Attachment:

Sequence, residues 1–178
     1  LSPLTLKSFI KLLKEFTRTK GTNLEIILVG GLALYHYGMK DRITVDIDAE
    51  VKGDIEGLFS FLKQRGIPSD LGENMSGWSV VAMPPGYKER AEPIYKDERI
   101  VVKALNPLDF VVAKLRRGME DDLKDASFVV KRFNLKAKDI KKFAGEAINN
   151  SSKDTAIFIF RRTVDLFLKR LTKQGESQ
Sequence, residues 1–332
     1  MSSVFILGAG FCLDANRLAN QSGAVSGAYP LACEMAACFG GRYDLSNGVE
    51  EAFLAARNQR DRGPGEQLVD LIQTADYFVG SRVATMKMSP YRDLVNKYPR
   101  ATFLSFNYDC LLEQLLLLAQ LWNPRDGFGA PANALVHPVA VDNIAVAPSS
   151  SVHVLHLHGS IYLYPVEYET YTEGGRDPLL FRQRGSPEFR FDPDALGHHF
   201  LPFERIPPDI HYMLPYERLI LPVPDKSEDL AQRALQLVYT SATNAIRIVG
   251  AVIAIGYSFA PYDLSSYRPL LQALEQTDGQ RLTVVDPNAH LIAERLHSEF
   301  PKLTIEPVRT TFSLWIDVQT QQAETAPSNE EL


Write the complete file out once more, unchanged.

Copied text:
Sequence, residues 1–178
     1  LSPLTLKSFI KLLKEFTRTK GTNLEIILVG GLALYHYGMK DRITVDIDAE
    51  VKGDIEGLFS FLKQRGIPSD LGENMSGWSV VAMPPGYKER AEPIYKDERI
   101  VVKALNPLDF VVAKLRRGME DDLKDASFVV KRFNLKAKDI KKFAGEAINN
   151  SSKDTAIFIF RRTVDLFLKR LTKQGESQ
Sequence, residues 1–332
     1  MSSVFILGAG FCLDANRLAN QSGAVSGAYP LACEMAACFG GRYDLSNGVE
    51  EAFLAARNQR DRGPGEQLVD LIQTADYFVG SRVATMKMSP YRDLVNKYPR
   101  ATFLSFNYDC LLEQLLLLAQ LWNPRDGFGA PANALVHPVA VDNIAVAPSS
   151  SVHVLHLHGS IYLYPVEYET YTEGGRDPLL FRQRGSPEFR FDPDALGHHF
   201  LPFERIPPDI HYMLPYERLI LPVPDKSEDL AQRALQLVYT SATNAIRIVG
   251  AVIAIGYSFA PYDLSSYRPL LQALEQTDGQ RLTVVDPNAH LIAERLHSEF
   301  PKLTIEPVRT TFSLWIDVQT QQAETAPSNE EL